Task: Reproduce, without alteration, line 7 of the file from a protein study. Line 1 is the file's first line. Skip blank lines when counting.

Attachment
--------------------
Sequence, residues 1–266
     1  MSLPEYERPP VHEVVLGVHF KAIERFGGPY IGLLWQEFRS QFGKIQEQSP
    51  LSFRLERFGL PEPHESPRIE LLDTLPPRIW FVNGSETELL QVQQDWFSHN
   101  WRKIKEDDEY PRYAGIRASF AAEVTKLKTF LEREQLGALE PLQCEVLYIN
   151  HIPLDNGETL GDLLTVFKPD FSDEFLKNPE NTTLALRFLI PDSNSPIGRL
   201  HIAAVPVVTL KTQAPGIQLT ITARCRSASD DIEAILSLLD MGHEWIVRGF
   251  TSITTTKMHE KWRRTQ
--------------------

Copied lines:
   251  TSITTTKMHE KWRRTQ